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Can't Pin It? You Could Be Blocked

So, have you been surfing the web and finding cool images you want to pin, but when you click that pin, the website shakes a finger at you and says no?

Well, prepare yourself. You’ll be seeing a lot more than that soon.

Flickr has led the way, installing the new code that Pinterest is offering to help site owners prevent images from being pinned. According to Search Engine Journal, a Flickr representative said:

“Flickr takes privacy and content ownership very seriously and is committed to continue to build features that protect members’ photos and videos. Flickr has implemented the tag and it appears on all non-public/non-safe pages, as well as when a member has disabled sharing of their Flickr content. This means only content that is “safe,” “public,” and has the sharing button (e.g., also for Facebook, Twitter) enabled can be pinned to Pinterest.”

Pinterest is always struggled with issues surrounding copyright and privacy, and there have been plenty of artists and photographers that have really hated the frequency with which they find their work on the site, uncredited and unlinked to their websites. Copyright continues to be an issue, and this is largely the reason that Pinterest has instituted this new code option.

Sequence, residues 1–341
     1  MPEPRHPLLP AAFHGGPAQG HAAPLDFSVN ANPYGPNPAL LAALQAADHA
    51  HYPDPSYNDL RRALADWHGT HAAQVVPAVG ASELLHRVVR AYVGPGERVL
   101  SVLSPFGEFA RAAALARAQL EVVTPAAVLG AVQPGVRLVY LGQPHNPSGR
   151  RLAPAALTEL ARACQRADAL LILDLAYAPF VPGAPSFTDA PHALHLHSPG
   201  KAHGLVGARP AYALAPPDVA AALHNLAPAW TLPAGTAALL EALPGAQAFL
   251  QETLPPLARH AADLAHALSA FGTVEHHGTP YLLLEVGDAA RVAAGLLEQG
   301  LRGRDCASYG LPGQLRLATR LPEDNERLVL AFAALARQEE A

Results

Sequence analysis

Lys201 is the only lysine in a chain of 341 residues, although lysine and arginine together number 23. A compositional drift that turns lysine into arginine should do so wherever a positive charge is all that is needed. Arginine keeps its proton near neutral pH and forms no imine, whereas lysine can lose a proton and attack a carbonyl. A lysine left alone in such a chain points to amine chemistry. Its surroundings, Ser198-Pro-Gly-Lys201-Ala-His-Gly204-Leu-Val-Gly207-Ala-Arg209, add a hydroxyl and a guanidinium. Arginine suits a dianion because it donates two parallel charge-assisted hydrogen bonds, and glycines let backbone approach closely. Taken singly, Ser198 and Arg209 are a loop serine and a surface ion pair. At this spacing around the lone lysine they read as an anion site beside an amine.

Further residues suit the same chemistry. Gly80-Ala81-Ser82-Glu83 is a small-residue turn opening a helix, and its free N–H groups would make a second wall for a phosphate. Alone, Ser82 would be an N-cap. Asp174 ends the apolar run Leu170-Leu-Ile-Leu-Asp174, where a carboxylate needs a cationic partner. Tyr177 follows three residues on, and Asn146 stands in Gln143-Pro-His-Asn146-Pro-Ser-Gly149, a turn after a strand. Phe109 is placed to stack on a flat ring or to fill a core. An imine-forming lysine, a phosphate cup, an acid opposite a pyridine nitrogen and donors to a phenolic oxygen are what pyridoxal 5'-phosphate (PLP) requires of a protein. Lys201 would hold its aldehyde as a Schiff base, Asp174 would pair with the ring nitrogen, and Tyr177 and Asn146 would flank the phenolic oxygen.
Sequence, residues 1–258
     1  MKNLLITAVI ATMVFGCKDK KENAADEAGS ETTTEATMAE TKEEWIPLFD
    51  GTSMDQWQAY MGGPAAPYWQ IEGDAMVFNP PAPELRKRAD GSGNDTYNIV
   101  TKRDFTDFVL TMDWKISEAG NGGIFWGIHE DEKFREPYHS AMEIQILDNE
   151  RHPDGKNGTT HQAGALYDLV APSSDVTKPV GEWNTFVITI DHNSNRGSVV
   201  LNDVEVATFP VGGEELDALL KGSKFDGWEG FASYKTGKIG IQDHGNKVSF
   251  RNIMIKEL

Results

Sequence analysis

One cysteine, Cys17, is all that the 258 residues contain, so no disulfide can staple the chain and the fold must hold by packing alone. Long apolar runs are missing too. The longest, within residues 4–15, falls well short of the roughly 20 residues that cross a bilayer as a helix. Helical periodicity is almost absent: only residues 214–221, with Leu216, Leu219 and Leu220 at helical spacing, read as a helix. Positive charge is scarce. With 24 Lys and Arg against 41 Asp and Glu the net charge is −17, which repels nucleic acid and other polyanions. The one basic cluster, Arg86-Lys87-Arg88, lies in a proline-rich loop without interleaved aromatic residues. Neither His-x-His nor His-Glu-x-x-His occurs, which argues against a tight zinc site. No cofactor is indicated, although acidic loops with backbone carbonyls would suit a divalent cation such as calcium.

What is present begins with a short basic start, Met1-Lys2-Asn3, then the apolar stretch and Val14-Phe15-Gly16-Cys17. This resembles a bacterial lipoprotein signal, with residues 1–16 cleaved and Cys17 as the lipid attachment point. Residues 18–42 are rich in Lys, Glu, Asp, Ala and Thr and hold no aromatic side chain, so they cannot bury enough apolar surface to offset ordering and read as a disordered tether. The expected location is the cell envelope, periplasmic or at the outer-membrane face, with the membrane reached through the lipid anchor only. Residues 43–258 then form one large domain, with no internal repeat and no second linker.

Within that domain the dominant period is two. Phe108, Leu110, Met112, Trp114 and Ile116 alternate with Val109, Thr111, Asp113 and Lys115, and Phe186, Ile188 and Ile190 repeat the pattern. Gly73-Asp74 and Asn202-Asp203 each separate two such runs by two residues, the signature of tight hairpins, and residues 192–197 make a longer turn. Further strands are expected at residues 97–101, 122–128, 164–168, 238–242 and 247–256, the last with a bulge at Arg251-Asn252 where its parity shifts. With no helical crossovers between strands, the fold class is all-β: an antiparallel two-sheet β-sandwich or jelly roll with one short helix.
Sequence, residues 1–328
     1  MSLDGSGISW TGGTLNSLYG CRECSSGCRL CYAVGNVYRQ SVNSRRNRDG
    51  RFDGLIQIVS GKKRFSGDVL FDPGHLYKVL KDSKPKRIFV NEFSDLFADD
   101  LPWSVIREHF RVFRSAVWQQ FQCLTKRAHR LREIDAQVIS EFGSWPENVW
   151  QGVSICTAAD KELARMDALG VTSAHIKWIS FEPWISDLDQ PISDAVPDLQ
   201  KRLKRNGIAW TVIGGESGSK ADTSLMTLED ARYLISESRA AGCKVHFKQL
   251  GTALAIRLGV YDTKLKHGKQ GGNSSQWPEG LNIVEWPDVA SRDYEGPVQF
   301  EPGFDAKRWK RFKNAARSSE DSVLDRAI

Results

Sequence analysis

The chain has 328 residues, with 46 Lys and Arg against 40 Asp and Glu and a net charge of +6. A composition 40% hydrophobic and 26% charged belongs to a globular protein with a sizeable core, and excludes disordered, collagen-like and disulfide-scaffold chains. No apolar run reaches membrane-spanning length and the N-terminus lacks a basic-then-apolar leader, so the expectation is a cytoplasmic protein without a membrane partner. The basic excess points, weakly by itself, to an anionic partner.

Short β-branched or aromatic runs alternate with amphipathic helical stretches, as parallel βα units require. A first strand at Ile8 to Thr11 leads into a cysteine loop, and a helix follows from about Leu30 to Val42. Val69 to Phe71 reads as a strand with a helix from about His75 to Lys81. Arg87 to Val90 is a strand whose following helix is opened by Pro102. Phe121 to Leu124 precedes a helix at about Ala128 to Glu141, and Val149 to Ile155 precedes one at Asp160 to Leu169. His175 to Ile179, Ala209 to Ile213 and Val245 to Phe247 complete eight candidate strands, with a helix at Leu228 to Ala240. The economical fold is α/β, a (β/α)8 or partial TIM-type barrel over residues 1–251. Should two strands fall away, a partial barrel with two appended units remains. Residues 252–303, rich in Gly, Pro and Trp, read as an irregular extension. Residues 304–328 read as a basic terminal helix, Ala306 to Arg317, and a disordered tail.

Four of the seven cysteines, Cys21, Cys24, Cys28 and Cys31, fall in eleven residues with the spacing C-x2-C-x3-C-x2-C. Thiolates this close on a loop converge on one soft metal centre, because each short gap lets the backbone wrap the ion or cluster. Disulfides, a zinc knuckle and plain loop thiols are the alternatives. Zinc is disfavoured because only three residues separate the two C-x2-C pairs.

You can find out directly how to block the pinning of images on the newly updated help section of Pinterest here, but this is what it looks like.

A better option, perhaps, might be to simply embrace Pinterest. Artists can increase control of the pinning of their images by including a “pin this” button to their sites. And not all artists are opposed to Pinterest at all; photographer Trey Ratcliff encourages artists to embrace it. In a recent blog post he says:

Despite what fear-mongers have told you, everyone will not steal your images. Most legitimate companies will work out a proper licensing arrangement with you. Even though I use Creative Commons Noncommercial, I still license my images with the Copyright office. This enables us to sue companies that do not go through the proper channels. There was a well-publicized case lately where we sued Time for using my images in an ad for their iPad app. But that is another story. The point is that most people do not steal, and on those edge cases where it does happen, you have many reactive options.

As always, the battle for copyright and Pinterest continues. It also continues to be interesting to watch.

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